My second amendment is focused on increasing oil production on Federal lands in Alaska. Right now, no production is occurring on those lands. That is the case even though we have more than 200 million acres of Federal land and close to 40 billion barrels of conventional oil just waiting to be produced. The cause, of course, is the Federal Government continues to deny, delay, and generally up-end anyone who tries to bring energy to the market. The consequences are now apparent for all to see.

In 1988, Alaska produced more than 2 million barrels of oil per day. Last year, they had fallen all the way down to 526,000 barrels per day, and it is forecasted to drop even further in the years ahead. In Alaska, we are treating this as an emergency, and the Senate should as well. If our production continues to decline, the Trans-Alaska Pipeline system could be shut down. Our Nation could lose a substantial share of its oil supply. Jobs will be lost, energy prices will rise, our dependence on foreign oil will deepen, sapping our economy and progress that we have made.

These consequences and others that would manifest must be avoided--can be avoided--and it is within our power to do that. Alaska doesn't need subsidies or loans or grants or tax credits. What we need is permission to produce. We need the Federal Government to work with us, not against us. We need access to our National Petroleum Reserve. We need access to that tiny dot of land in the nonwilderness portion of the Coastal Plains. We also need to be able to explore new areas where resources have not yet been discovered.

My amendment is simple. It would modify the budget resolution to account for substantial receipts--about $2.5 billion--from increased oil in Alaska. As with the amendment that Senator Blunt and I have cosponsored, this estimate is probably too low. We anticipate that receipts would grow tremendously once production begins. We always talk about the need for an ``all of the above'' policy. That would allow for it.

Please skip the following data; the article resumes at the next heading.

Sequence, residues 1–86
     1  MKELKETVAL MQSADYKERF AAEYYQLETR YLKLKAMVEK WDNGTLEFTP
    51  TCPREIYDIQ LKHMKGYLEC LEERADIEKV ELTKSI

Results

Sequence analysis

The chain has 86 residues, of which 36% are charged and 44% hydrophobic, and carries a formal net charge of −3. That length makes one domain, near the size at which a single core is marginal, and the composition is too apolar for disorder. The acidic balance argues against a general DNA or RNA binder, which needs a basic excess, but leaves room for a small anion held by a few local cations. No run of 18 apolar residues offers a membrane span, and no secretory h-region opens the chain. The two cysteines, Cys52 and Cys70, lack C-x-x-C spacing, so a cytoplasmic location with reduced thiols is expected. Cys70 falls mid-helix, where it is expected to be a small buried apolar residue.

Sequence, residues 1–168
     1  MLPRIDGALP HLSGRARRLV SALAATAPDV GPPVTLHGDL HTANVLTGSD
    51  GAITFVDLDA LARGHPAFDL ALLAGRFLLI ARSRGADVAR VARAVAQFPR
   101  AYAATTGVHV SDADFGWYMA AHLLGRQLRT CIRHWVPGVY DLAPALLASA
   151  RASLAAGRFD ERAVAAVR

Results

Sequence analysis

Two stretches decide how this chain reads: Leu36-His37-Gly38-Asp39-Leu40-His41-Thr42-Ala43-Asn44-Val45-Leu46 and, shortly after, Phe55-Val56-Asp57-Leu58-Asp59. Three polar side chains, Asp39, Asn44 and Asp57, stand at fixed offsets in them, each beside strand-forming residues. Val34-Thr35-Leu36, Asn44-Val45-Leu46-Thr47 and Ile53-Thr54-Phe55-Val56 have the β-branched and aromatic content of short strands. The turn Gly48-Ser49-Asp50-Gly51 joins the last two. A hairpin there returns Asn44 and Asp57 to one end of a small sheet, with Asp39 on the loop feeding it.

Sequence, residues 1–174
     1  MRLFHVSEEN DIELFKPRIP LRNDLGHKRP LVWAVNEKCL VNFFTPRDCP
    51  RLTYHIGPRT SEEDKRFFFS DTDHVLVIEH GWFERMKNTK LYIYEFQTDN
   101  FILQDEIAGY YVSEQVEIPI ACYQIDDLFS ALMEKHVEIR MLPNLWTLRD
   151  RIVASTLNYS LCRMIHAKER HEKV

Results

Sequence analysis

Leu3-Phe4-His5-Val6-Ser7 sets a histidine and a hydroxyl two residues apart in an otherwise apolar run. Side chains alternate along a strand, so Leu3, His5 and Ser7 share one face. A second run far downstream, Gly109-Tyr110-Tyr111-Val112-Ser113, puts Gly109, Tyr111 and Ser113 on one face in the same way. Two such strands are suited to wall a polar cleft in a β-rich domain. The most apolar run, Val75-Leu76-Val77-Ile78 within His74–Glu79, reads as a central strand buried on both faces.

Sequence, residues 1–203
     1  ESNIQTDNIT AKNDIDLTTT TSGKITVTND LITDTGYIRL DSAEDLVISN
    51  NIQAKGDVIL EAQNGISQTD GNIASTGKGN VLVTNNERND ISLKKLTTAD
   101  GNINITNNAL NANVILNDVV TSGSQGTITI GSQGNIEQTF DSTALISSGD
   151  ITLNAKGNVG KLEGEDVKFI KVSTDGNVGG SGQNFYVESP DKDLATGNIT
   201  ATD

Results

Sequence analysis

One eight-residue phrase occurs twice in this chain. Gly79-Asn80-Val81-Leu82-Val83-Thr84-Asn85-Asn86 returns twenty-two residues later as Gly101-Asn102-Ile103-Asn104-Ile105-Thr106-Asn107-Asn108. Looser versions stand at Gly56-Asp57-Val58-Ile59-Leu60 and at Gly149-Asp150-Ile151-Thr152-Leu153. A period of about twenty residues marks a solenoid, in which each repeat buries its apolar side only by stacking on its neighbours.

I have one final amendment that I would speak to briefly, and this is one that would facilitate the creation of an advanced energy trust fund. This was part of my energy 2020 blueprint that I released earlier this year. It is specifically designed to help create an energy policy that pays for itself. It would open new lands that are not currently available for development and devote a share of the receipts to energy research.

This concept has gotten pretty broad support, notably from the think tanks, and even more notably from the President himself. But I would be remiss if I didn't point out why my plan works and why the President's does not. While I would raise new receipts from new production, the President would divert revenues from production that is already scheduled to occur.

The result of his plan would be either deficit spending or, most likely, tax hikes elsewhere in the budget. Neither of those would be acceptable to us, particularly when we know there is a better path forward.

My amendments offer us an opportunity to create jobs, to make energy more affordable, to reduce our debt, to break our dependence on foreign oil. That is in the best interests of a coherent energy policy that so many of us are working to develop and certainly in the best interests of our Nation's budget. I encourage my colleagues to take a look at these amendments and, should they be brought before us for a vote, to join me in support of them.

I yield the floor.